In To Kill a Mockingbird, what is the significance of the gifts that appear in the knothole of the tree trunk?

In To Kill a Mockingbird, the significance of the gifts that appear in the knothole of the tree trunk is twofold. First, it indicates that Boo Radley is trying to communicate with Scout and Jem. Secondly, it shows us that Boo isn't the boogie-man that local legend makes him out to be.

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Boo Radley begins to leave little gifts for the children in the knothole of a tree on his property. This is a very significant moment in the novel, because Lee is characterizing Boo through his actions. Up until this point, all we know about Boo is what the children have picked up about him through exaggerated gossip and what we might call the town's folklore.

The Boo of the children's imagination is a monster, a dangerous figure. Part of the thrill of interacting with him is the fear factor. It takes daring, for example, for Jem to run on to Boo's back porch or run and touch a wall of his house.

When the children find the gifts from Boo, this changes readers' perception of the kind of person he is. Much information is conveyed from the gifts. First, it becomes clear that Boo has been watching the children and knows they are fascinated with him. Second, the gifts show that he is not offended but amused by their antics. Third, the silly gifts—sticks of gum, a broken watch—suggest that he has empathy, even if the children do not, and knows what they will like.

Boo's kind and generous actions belie the stereotypes about him as a monster. His kindness is especially significant as it mirrors the kindness of Tom Robinson in helping Mayella. Robinson, too, is seen through the eyes of people who have prejudged him as a monster.

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Scout and Jem have become utterly fascinated with Arthur "Boo" Radley. Or, to be more precise, they've become fascinated with the legend of Boo Radley, constructed out of tidbits of local gossip and hearsay over many years.

To them, as with just about everyone else in Maycomb, Boo is a scary boogie-man figure, a crazy recluse whose imagined home life provides the Finch children and their friend Dill with plenty of raw materials for their little games.

But when Boo starts leaving little gifts for the children in the knothole of a tree on the Radleys' property, Scout and Jem begin to see a different side of him. Contrary to what the people of Maycomb might think, Boo really isn't some kind of scary monster; he's actually quite a kind, gentle soul, as subsequent events will confirm.

In putting these keepsakes where he knows that Scout and Jem will find them, Boo's establishing a communication link with the outside world, something he's never done before. This in itself is significant, given his reputation in town as a total recluse.

It's somewhat tragic, then, when Boo's brother Nathan fills up the knothole in the tree with cement. In doing so, he's closing down the communication link between his brother and the Finch children.

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At the beginning of the novel, Boo Radley is described as the "malevolent phantom" who is depicted as a monstrous beast that terrorizes Maycomb. Initially, the children believe the false rumors about their reclusive neighbor. As the novel progresses, Scout and Jem begin to find gifts in the knothole of the Radley tree. The gifts are essentially Boo's way of communicating with the children. Since Boo is extremely shy and rarely leaves his home, he attempts to develop a relationship with the children by giving them gifts. His gift-giving is significant because it portrays his magnanimous personality, which contradicts the negative rumors about him. The reader can determine from Boo's extension of friendship that he is a kindhearted, selfless individual. Some of the gifts seem to hold more significance than others. The carved figurines must have taken a substantial amount of time to make, which suggests that Boo truly cares about Jem and Scout. Also, the Indian-head coins, spelling bee medal, and watch may have meant a lot to Boo. Giving Jem and Scout gifts that possibly hold personal significance depicts Boo's strong feelings of friendship toward the children.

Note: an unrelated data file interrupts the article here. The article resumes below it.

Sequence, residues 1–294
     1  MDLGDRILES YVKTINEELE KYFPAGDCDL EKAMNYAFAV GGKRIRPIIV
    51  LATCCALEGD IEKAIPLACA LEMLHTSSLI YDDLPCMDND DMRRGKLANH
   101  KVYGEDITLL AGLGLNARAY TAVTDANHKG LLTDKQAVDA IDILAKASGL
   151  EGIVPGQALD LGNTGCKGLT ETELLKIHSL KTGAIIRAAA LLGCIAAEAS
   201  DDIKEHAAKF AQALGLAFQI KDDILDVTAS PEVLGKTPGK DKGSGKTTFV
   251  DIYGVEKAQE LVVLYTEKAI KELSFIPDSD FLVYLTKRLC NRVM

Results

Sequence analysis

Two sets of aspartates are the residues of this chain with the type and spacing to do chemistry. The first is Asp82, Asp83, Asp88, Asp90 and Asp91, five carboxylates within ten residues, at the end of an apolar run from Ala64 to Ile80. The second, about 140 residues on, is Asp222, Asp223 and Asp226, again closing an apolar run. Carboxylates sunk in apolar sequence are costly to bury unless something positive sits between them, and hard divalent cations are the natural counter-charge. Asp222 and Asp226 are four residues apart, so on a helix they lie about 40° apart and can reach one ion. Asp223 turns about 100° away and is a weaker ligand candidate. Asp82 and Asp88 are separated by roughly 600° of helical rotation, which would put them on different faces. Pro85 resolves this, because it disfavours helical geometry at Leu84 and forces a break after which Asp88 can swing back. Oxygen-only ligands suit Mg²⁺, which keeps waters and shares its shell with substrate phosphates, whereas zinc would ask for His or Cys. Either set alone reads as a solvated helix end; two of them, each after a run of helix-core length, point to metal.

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The gifts that are left by Boo Radley for Jem and Scout in the knothole of the Radley oak are meant to be a message of friendship from the most mysterious man in Maycomb. Boo has been watching the children play in front of his house, and the gifts serve as an ice-breaker between them. Some of the gifts have specific significance; some do not. The chewing gum found by Scout, with its shiny outer foil wrapping glittering in the sunlight, is the first gift. It seems to have no significance other than being an irresistible treat for Scout--and which Jem determines is not poisonous. (Remember, the Radley pecans are believed to be deadly.) The Indian-head pennies are probably just some coins Boo had laying around the house, but to Jem they are "strong magic... good luck." The carved soap images are meant to be likenesses of Jem and Scout, and the "tarnished medal" was probably the spelling bee medal won by Boo himself when he was a child. As for the watch, chain and knife, Boo may well have seen Jem playing with his grandfather's watch, which Atticus let him carry once a week; now he would have one of his own. And the knife seems to be author Harper Lee's way of foreshadowing the knife that Boo uses to save the children at the end of the story. 

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